What was significant about this recent vote is that they attempted to repeal it through a process known as budget reconciliation. Reconciliation only requires a simple majority (50 votes) to pass and disallows filibustering, but they can only consider a reconciliation bill once per year.

To attempt to repeal the ACA now without waiting another year, the senate would need to go through the regular process to pass a bill. But that requires a supermajority (60 votes) which Republicans don't have, and any bill can be filibustered by democrats.

  • Not quite. There are limits to one reconciliation bill (of each type (types are spending, revenue, and debt limit)) per budget year. But the current bill is under this budget year, fiscal year 2017. There is a new fiscal year (2018) starting October 1. They may be able to pass the fiscal year 2018 reconciliation even before then, but even if they wait until October, that's not a full year. The issue is that they wanted to use that other reconciliation bill for tax reform, so either they get health care done very soon, lose tax reform, or wait a year: goo.gl/3c15xt Commented Jul 30, 2017 at 9:17

ACA is not 'safe' under any circumstances. It was already in trouble in its current form. Aetna bailed because it was losing money on the exchanges.

The NYT also chimes in with serious problems, and this was mid 2016 while the presidential campaign was well under way, with Clinton the presumptive front runner.

So the fact that the repubs couldn't agree on a replacement, and the fact that they are making the same mistake the dems made - putting together major legislation while ignoring half the country - doesn't make the current ACA 'safe'. They can try again, if they choose.

This problem won't be fixed as long as the discussion revolves around excusing one's chosen political party, while looking to slag the other. It will be solved when everyone involved makes solving the problem the main priority, regardless of who gets flamed or who gets the credit.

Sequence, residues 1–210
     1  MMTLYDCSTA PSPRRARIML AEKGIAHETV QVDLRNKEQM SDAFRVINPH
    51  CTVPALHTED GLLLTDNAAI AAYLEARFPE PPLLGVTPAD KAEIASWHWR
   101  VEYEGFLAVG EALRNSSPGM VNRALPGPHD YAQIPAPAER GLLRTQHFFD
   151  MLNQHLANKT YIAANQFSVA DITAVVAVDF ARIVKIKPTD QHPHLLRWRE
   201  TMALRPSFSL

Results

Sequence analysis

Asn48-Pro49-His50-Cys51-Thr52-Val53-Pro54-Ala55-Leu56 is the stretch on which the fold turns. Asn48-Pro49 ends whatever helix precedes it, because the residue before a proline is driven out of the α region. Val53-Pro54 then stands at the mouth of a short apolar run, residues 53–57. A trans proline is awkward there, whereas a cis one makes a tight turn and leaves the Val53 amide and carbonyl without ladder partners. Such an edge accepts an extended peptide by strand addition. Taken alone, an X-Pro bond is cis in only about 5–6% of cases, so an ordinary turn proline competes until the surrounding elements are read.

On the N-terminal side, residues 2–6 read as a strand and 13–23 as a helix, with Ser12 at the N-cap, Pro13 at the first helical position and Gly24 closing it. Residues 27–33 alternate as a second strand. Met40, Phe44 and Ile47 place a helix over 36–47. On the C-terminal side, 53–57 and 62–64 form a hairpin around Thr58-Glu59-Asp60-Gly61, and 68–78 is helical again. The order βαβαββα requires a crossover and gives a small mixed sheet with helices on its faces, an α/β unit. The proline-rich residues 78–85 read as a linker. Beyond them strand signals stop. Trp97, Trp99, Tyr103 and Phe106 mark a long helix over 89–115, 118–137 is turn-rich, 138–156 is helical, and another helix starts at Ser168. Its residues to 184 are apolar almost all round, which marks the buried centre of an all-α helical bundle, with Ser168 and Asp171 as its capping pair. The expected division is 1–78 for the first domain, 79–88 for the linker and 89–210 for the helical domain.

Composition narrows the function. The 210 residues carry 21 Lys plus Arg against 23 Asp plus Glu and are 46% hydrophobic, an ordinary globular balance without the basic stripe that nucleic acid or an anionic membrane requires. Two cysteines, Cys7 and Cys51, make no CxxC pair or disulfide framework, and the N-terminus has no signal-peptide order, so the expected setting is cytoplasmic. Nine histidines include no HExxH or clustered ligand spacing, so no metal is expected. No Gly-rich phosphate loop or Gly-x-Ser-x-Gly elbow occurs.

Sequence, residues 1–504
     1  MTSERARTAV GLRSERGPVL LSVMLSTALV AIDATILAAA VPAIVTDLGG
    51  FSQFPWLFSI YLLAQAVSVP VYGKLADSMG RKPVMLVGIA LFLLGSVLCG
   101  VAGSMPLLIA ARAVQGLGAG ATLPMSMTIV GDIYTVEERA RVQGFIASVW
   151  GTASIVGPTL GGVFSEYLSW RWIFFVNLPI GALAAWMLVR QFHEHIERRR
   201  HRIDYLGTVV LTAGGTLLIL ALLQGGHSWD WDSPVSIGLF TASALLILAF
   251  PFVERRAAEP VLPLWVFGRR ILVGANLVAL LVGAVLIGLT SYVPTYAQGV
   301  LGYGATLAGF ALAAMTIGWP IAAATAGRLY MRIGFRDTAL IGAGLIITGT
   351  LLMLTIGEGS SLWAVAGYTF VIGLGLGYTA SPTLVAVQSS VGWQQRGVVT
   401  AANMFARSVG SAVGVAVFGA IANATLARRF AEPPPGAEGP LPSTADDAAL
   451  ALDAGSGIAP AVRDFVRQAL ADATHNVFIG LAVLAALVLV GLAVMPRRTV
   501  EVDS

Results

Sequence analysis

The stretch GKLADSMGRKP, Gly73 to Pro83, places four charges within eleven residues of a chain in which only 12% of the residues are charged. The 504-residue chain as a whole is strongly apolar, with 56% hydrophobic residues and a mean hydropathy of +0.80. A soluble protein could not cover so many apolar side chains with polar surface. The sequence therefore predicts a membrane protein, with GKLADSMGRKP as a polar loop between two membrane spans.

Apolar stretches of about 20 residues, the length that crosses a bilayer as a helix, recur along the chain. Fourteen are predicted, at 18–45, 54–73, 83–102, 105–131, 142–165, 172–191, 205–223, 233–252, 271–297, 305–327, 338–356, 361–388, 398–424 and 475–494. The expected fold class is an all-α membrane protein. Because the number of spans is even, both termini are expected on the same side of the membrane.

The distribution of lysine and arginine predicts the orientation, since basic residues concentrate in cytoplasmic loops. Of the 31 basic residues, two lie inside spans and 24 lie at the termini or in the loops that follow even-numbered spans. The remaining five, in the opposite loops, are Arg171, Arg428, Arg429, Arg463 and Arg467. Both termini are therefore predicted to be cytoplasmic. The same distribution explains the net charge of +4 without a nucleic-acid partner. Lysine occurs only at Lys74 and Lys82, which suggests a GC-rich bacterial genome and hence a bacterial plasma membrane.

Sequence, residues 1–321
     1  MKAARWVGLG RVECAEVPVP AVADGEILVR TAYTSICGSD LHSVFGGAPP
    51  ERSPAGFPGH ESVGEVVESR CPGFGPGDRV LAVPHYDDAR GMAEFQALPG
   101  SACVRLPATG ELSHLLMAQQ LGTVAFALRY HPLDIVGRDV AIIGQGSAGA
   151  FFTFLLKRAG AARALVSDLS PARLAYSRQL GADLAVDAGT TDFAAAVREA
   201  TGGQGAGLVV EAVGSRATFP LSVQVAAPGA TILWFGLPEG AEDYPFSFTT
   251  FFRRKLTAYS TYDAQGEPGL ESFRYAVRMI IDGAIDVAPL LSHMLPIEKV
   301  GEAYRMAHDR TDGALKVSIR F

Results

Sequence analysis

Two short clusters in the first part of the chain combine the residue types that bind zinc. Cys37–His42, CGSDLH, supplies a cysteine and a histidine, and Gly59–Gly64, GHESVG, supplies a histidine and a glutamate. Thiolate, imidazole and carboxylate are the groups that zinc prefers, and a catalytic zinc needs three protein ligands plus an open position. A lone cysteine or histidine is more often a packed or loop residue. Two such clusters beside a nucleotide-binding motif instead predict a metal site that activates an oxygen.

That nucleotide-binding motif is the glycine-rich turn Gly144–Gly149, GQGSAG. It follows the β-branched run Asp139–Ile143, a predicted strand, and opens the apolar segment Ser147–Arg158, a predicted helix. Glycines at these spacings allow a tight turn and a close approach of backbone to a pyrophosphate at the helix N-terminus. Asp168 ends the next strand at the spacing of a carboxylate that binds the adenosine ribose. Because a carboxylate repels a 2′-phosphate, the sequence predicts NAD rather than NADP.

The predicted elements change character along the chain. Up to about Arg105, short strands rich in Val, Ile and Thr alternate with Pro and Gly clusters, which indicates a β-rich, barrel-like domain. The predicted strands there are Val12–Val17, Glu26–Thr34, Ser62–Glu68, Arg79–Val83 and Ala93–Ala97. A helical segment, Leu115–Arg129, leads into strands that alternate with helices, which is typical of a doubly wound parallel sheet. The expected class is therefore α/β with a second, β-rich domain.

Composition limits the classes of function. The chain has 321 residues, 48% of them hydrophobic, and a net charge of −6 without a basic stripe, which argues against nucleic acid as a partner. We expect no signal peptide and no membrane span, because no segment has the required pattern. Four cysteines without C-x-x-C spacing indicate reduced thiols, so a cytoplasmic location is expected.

The chances of that happening are not good. The majority of politicians, and a good deal of citizens, are too focused on a partisan battle that no one can win.

  • The reason for a lot of the withdrawals from the market is due to the uncertainty with Trump and the GOP. When there's no longer a guarantee of continuity, there's no compelling reason for the insurance company to gamble. So it's not entirely fair to say it was "in trouble" to the same extent pre Trump.
    – user1530
    Commented Aug 1, 2017 at 22:35
  • That said, despite any inherent problems the ACA had, it wasn't going to just disappear. It was law and policy so it would have always come down to congress to act upon it one way or the other. Finally, I think it's also unfair to say "a majority of politicians" want a partisan battle. The ACA was a plan. The GOP congress never had a plan. So at least half the politicians at least tried to solve a problem (ironically, based off of a plan from a member of the "other team")
    – user1530
    Commented Aug 1, 2017 at 22:38

Firstly, it appears to me that ACA is failing on its own. Actually, when it was passed it was tremendously flawed and because of the lack of any bipartisan support, wasn't corrected before (as well as after) it went into effect. It has been withering on the vine since Obama signed it into law. The enormous price hikes and Insurer's withdrawals from the market are both signs of serious (and I expect, fatal) problems. All Trump needs to do is to direct the IRS and the DOJ not to enforce the requirement for all to be insured. I'm not clear how easily this can be done, the IRS doesn't appear to have done much to sabotage it, so far... To answer your question: I think that the Legislative Branch is going to have to eventually either drastically change it or replace it in the not too distant future. I'd guess by 2023 or 4.

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    Hi and welcome. To make this a better answer please support it with evidence rather than your opinion. Citing the serious signs would be an easy start, and I'm pretty sure others have opined similarly, linking to them would lend support.
    – user9389
    Commented Jul 28, 2017 at 18:08
  • +1 For obamacare dying on its own, see cnbc.com/2017/06/27/…
    – mj_
    Commented Jul 28, 2017 at 20:18
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    @mj_ I'm not sure that's evidence of "dying on its own", given that insurers have expressed significant frustration with having to set rates before knowing if the rules will be changed afterwards. Some of the big premium hikes next year are to account for the worst-case scenarios like subsidies not being paid. There are a lot of things Trump can do (and is doing) to help it collapse.
    – ceejayoz
    Commented Jul 29, 2017 at 1:16
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    The issues you point out (insurer withdrawals) have more to do with Trump than Obamacare. Had Obamacare continued on being fully supported, things would have continued on as planned. The insurers withdrawing has everything to do with the chaos that is this GOP congress.
    – user1530
    Commented Jul 29, 2017 at 3:23
  • @ceejayoz obamacare in itself was never sustainable. the fact that trump removed subsidies only highlights the precarious nature of the plan. read this zerohedge.com/news/2017-11-17/…
    – mj_
    Commented Nov 17, 2017 at 22:44